Time Out Chicago bought by parent company, staff report layoffs

Chicago Tribune| Crain’s

Time Out Chicago, an independent weekly entertainment guide published 44 times a year, has been acquired by worldwide parent Time Out Group, according to the Chicago Tribune.

Morningstar Inc. and Time Out Chicago founder Joe Mansueto sold the publication for $4 million. Mansueto also is an investor in Wrapports LLC, the group that owns and publishes the Chicago Reader and the Chicago Sun-Times. Oakley Capital Investments Ltd., TGO’s majority owner, plans to cut features, interviews and columns and transform the magazine to a listings-only, digital format, like the company’s other properties. They own 37 Time Out franchises in 25 countries (the Chicago venture, started in 2005, was a partnership instead of a franchise).

“We will be taking the business in a purely digital direction, which means that the print publication will cease,” said Jennifer Morgan, President of Time Out North America. “The timing will be determined once we’ve been able to complete a full assessment of our commitments.”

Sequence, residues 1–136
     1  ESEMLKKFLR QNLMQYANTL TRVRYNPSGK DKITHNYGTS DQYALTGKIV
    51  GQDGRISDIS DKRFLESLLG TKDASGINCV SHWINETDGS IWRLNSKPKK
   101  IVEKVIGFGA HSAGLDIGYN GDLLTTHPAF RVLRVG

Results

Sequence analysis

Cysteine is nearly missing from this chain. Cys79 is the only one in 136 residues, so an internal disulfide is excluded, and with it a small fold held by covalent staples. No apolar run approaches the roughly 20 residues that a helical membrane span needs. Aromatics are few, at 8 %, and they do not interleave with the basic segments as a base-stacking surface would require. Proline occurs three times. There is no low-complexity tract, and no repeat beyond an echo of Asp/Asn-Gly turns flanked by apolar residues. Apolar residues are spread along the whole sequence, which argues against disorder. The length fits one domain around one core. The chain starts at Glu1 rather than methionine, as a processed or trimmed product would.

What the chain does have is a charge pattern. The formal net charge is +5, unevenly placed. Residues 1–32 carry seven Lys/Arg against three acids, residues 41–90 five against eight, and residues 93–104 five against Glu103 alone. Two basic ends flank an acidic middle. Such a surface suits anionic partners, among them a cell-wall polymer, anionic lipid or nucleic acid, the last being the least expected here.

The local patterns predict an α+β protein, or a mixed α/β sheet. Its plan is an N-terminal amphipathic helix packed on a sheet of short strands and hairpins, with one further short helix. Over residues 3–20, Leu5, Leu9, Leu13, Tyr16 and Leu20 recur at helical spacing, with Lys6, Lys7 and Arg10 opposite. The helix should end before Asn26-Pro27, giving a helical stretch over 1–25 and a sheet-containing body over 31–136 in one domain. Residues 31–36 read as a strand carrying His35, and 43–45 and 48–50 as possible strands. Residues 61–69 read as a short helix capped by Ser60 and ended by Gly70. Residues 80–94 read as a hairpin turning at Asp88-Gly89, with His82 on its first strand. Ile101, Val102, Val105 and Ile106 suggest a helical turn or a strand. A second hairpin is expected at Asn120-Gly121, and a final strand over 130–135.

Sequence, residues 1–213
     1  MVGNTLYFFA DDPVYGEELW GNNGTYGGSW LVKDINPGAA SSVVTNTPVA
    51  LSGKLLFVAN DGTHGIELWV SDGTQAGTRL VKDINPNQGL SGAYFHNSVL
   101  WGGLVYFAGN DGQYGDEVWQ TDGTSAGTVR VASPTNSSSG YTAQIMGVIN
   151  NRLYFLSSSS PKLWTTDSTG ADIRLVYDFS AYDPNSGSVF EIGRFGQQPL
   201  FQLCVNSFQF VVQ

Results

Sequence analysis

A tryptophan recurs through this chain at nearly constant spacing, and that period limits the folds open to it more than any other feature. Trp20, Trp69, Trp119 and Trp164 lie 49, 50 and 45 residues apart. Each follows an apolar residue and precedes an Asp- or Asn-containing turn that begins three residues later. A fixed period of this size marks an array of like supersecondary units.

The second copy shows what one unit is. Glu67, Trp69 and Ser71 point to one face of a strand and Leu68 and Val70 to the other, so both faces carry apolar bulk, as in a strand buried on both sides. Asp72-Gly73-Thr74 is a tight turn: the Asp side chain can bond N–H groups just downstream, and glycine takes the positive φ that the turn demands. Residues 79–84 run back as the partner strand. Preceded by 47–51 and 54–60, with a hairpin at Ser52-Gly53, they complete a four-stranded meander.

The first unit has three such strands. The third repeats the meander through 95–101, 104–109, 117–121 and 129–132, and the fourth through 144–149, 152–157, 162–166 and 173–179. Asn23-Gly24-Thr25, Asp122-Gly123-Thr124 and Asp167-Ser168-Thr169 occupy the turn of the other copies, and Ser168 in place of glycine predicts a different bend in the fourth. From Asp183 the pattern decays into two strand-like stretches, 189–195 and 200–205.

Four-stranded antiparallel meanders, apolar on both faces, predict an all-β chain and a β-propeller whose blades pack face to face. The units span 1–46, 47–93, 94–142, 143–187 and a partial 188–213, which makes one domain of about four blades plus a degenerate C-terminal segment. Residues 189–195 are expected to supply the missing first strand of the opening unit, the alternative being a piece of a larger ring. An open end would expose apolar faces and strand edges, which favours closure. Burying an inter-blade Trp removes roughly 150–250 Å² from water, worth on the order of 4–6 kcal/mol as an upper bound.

Facebook postings from Time Out employees indicate there was a round of layoffs this morning at the Chicago office. According to the Tribune:

Editorial changes will be forthcoming according to Morgan, as Time Out Chicago shifts to a more standardized digital listings format, similar to the one launched in Los Angeles last October. While she wouldn’t comment on specific personnel matters, she said columnists such as media critic Robert Feder will likely not be part of Time Out Chicago going forward. Feder could not be immediately reached for comment.

Crain’s Shia Kapos had an item on Feder, specifically:

“With the sale of Time Out Chicago, I have agreed to accept a buyout of my contract,” he said in an email and on his Facebook page. “I am eager to continue my work and I expect to make an announcement soon. Until then, I’ll keep you posted on Facebook and Twitter. Thanks so much for reading me!”

He tells me he can’t talk about what’s next — yet.

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